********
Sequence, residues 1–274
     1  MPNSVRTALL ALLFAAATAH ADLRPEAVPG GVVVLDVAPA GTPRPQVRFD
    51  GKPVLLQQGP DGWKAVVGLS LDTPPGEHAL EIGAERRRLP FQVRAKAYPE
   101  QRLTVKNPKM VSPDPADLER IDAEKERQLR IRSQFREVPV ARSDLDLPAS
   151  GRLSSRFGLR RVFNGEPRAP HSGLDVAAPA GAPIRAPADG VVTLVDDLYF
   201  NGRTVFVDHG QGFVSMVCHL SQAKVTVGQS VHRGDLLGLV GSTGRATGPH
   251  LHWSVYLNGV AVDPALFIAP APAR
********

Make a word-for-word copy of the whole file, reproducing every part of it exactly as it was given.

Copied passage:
Sequence, residues 1–274
     1  MPNSVRTALL ALLFAAATAH ADLRPEAVPG GVVVLDVAPA GTPRPQVRFD
    51  GKPVLLQQGP DGWKAVVGLS LDTPPGEHAL EIGAERRRLP FQVRAKAYPE
   101  QRLTVKNPKM VSPDPADLER IDAEKERQLR IRSQFREVPV ARSDLDLPAS
   151  GRLSSRFGLR RVFNGEPRAP HSGLDVAAPA GAPIRAPADG VVTLVDDLYF
   201  NGRTVFVDHG QGFVSMVCHL SQAKVTVGQS VHRGDLLGLV GSTGRATGPH
   251  LHWSVYLNGV AVDPALFIAP APAR